information of this sort […] was coming from our own military and diplomatic sources […] [Stalin ordered that] no preparatory defensive work should be undertaken at the borders, that the Germans were not to be given any pretext […] when the fascist armies actually invaded Soviet territory and military operations had begun, Stalin issued the order that the German fire was not to be returned. Why? It was because Stalin, despite evident facts, thought that the war had not yet started, […]
Very grievous consequences, followed Stalin’s annihilation of many military commanders and political workers during 1937-41 because of his suspiciousness and through slanderous accusations […]; during this time the cadre of leaders who had gained military experience in Spain and the Far East was almost completely liquidated […] large scale repression against the military cadres led also to undermined military discipline, […]
after the first severe disaster and defeats at the front, Stalin thought that this was the end. In one of his speeches he said: “All that which Lenin created we have lost forever”. After this Stalin for a long time did not direct the military operations and ceased to do anything whatever. […]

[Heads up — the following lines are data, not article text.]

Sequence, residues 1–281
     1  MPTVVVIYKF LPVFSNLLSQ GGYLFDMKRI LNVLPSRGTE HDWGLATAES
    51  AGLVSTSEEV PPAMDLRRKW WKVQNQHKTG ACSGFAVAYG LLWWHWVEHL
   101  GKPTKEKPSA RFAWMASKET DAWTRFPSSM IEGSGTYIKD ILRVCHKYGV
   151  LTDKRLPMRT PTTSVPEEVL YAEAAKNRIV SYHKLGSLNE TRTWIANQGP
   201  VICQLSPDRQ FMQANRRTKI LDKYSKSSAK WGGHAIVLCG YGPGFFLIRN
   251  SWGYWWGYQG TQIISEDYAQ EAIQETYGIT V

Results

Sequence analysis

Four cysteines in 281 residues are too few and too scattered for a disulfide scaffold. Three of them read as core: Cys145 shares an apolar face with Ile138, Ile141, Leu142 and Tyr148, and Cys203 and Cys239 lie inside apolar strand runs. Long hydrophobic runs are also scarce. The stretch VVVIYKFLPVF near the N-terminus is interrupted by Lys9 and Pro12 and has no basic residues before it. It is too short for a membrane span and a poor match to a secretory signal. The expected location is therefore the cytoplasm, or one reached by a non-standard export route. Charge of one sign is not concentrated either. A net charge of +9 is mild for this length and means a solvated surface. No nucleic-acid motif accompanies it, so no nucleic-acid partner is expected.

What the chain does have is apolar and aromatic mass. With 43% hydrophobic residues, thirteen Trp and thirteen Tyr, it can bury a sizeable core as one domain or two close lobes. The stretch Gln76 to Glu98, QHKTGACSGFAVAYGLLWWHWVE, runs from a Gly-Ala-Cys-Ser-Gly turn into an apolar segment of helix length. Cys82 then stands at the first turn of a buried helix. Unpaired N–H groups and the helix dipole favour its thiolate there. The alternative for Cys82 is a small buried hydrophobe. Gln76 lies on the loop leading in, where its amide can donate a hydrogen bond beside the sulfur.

when he returned to active leadership […] the nervousness and hysteria which Stalin demonstrated, interfering with actual military operations, caused our Army serious damage. […] during the whole Patriotic War, he never visited any section of the front or any liberated city […]
[laughter begins to break out in the hall from time to time as Khrushchev ridicules Stalin’s exaggeration of his role, after the war, and he concludes ...] Not Stalin, but the Party as a whole, the Soviet government, our heroic army, its talented leaders and brave soldiers, the whole Soviet nation - these are the ones who assured the victory in the Great Patriotic War! [tempestuous and prolonged applause, which breaks out repeatedly as Khrushchev continues this theme].